Palm oil — derived from the seeds of the West African oil palm — is a high-smoke point, highly saturated fat of remarkable versatility. Not only can it be eaten, in things like baked goods, spreads, and candies, it can also be found in cosmetics, personal cleansers, and industrial lubricants; byproducts like the seed shells can even be used in concrete. The palm oil industry is so lucrative in habitats like Malaysia and Indonesia that it’s caused devastating deforestation in pursuit of monoculture; making your muffin or car or shampoo a direct contributor to the decline of the wild orangutan.
Palm oil’s evil extends beyond damage to the environment though. AP has produced an exposé on the industry’s reliance on child labour, contrasting two childhood experiences — that of a Girl Scout who sells cookies in Tennesee, and that of the estimated 1.5 million children who work in the Indonesian agricultural sector producing the palm oil for those cookies.
“Many kids are introduced to palm oil soon after they’re born – it’s a primary fat in infant formula. And as they grow, it’s present in many of their favorite foods: It’s in their Pop-Tarts and Cap’n Crunch cereal, Oreo cookies, KitKat candy bars, Magnum ice cream, doughnuts and even bubble gum.
‘Let them enjoy it,’ said Abang, a skinny 14-year-old who dropped out of the fifth grade to help his father on an Indonesian plantation and has never tasted ice cream. He has accepted his own fate, but still dreams of a better future for his little brother.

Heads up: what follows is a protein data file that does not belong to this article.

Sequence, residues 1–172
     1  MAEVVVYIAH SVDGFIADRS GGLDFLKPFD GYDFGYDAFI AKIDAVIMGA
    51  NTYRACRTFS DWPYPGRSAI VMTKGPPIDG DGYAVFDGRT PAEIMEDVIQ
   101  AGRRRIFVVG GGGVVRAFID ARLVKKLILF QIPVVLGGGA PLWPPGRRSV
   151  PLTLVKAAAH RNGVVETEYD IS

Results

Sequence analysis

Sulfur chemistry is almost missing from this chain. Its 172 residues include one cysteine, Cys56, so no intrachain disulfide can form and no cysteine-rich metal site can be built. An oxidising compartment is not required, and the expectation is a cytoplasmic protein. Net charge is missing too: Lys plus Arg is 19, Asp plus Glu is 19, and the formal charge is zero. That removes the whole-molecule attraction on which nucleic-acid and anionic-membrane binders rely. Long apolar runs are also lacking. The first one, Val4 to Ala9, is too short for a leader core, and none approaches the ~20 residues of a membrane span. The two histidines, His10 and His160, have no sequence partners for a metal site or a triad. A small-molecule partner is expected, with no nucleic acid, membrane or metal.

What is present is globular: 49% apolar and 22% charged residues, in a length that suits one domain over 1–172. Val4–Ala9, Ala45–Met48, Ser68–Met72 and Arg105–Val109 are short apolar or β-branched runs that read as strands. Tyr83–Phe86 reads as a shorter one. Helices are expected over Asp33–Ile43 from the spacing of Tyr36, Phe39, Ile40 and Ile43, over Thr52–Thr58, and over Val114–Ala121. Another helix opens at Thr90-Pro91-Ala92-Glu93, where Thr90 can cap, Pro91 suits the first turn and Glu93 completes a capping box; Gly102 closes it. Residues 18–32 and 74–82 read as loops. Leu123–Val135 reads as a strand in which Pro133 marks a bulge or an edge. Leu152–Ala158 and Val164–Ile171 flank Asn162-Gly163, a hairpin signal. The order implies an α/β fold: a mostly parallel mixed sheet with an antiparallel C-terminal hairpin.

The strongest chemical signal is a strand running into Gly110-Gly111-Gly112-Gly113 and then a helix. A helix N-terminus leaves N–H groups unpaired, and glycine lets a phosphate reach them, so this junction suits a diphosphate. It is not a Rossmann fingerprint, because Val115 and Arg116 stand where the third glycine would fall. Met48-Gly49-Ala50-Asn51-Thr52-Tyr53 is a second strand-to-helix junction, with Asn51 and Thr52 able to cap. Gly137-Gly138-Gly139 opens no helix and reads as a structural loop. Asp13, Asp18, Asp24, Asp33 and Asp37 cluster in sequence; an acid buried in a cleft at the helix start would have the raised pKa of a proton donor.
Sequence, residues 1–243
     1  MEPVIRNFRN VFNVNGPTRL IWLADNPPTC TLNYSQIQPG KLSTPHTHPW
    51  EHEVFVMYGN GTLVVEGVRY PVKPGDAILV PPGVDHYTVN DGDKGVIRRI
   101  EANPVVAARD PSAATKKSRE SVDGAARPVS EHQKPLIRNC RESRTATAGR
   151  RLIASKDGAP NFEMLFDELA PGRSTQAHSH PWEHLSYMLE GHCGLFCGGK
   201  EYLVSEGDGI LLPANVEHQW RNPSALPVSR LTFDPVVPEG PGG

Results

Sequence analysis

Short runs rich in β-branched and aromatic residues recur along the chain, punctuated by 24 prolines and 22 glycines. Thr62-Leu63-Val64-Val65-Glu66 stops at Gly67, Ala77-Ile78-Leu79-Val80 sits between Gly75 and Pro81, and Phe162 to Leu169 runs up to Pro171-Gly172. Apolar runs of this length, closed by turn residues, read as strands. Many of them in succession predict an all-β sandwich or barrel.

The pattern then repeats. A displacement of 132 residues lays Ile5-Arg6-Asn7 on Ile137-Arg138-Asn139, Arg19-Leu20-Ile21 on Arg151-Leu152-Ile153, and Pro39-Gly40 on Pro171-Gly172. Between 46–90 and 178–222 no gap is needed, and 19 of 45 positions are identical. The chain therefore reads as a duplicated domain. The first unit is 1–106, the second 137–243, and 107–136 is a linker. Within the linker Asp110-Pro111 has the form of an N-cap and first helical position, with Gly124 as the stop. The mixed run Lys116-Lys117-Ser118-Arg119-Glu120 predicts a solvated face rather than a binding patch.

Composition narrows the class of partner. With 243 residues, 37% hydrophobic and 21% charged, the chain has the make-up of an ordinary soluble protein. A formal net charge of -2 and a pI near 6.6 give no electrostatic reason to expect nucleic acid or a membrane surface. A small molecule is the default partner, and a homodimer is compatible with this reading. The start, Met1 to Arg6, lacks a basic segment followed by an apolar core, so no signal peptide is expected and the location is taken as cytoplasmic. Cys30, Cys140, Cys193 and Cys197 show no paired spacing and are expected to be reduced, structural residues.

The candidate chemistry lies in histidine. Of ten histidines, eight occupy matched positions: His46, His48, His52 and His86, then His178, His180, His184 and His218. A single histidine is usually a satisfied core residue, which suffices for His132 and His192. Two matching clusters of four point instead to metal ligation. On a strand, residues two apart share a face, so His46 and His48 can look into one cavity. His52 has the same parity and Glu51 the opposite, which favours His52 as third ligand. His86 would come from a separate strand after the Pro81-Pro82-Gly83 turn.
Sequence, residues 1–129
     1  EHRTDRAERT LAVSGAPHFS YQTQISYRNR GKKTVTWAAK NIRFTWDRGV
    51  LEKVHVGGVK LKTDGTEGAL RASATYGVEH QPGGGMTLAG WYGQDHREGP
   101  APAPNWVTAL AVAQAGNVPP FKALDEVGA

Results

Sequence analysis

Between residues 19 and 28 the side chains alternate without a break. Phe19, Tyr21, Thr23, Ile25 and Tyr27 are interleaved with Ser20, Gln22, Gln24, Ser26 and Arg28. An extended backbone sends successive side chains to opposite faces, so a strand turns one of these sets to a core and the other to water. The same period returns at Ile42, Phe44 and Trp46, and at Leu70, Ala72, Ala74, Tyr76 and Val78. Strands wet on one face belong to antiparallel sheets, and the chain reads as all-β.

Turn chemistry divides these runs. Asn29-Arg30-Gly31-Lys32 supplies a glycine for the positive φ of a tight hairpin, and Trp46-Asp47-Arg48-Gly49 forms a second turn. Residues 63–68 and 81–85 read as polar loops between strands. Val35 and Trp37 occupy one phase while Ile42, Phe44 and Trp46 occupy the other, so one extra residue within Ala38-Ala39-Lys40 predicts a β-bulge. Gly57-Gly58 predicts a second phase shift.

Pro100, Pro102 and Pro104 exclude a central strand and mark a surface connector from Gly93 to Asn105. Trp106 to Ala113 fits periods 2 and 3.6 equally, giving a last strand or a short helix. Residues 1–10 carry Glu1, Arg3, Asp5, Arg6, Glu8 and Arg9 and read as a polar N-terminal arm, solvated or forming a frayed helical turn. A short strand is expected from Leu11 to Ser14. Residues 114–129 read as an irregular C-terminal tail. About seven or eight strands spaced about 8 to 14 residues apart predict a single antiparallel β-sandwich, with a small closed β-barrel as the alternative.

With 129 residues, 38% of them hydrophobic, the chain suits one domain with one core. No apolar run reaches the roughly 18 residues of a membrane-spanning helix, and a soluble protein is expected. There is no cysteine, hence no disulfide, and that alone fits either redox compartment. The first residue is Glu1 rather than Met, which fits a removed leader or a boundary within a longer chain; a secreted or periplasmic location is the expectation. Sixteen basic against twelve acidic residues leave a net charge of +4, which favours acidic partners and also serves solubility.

‘Let me work, just me, helping my father,’ Abang said. ‘I want my brother to go back to school. … I don’t want him in the same difficult situation like me.’”
As the world’s most popular vegetable oil, palm oil is present in an estimated 50% of packaged products. Manufacturers obscure its presence in ingredient lists by using up to 200 different names for it. Even ethically sourced palm oil can “greenwashed,” as the investigation of the above-mentioned Girl Scout uncovered.
So, it’s tricky to manage our dependence on palm oil. It’s also easy to not see the people (or endangered animals) whose pain goes into these products, being so far away from their origin. Awareness that it’s everywhere is maybe the first action towards reducing consumer dependence; finding alternatives is second. Third is reframing the market entirely — here’s hoping we’ll make it in time.